Birding Software: Pictures and calls for all North American species, natural history information on all species, and games to help learn birds.

Hummingbirds: This site provides information on attracting, watching,
feeding, and studying North American hummingbirds, migration maps, and tracking northward and southward movements.

International Migratory Bird Day (or: www.birdday.org): International Migratory Bird Day celebrates the incredible journeys of migratory birds between their breeding grounds in North America and their wintering grounds in Mexico, Central, and South America. The event, which takes place on the second Saturday in May each year, encourages bird conservation and increases awareness of birds through hikes, bird watching, information about birds and migration, public events, and a variety of other education programs.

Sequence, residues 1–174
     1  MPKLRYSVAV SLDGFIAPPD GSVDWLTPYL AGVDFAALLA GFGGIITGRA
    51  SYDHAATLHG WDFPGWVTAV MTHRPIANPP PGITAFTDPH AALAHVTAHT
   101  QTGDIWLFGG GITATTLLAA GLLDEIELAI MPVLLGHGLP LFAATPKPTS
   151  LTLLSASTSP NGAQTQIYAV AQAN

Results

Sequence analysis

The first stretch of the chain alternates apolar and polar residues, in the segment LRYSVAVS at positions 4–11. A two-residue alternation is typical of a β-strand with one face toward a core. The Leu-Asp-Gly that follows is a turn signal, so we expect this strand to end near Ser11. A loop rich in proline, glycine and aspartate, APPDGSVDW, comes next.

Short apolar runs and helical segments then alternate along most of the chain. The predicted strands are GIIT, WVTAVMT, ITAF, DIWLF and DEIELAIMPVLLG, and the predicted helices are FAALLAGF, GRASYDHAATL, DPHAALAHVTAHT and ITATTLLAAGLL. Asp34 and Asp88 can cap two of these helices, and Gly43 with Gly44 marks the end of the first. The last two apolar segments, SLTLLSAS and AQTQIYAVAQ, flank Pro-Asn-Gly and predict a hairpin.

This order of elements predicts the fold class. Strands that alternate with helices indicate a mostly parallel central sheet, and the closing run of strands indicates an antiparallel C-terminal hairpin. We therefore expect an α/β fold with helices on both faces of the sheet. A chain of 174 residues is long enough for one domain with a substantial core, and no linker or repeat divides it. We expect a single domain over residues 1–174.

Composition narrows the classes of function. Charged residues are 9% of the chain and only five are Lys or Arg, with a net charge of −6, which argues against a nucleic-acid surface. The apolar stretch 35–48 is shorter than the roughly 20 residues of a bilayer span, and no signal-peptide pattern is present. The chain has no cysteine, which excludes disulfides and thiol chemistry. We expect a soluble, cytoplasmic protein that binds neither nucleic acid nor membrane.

Journey North: A Global Study of Wildlife Migration: Students in grades 4-12 witness the wonders of migration as they travel 'live' with some of the world's most accomplished adventurers (The Annenberg/CPB Math and Science Project)

Birding Georgia: A Falcon Guide, Giff Beaton, 2000. More than 100 places in Georgia to look for birds.
Wings Over Georgia Birding website.

Annotated Checklist of Georgia Birds: Available from the Georgia Ornithological
Society

Handbook of Bird Biology: Cornell Lab of Ornithology, 2004. Excellent ornithology text.

 


The Youth Birding Competiton is primarily funded by The Environmental Resources Network Inc. (T.E.R.N.), friends group of the Wildlife Resources Division's Nongame Conservation Section.  For more information on T.E.R.N. and how to become a member, call (478) 994-1438 or check online at http://tern.homestead.com.

Donations were also provided by Eagle Optics (www.eagleoptics.com), Atlanta Audubon Society (www.atlantaaudubon.org) and Georgia Ornithological Society (www.gos.org).

For more information on Georgia's Youth Birding Competition, contact us at (912) 262-3191.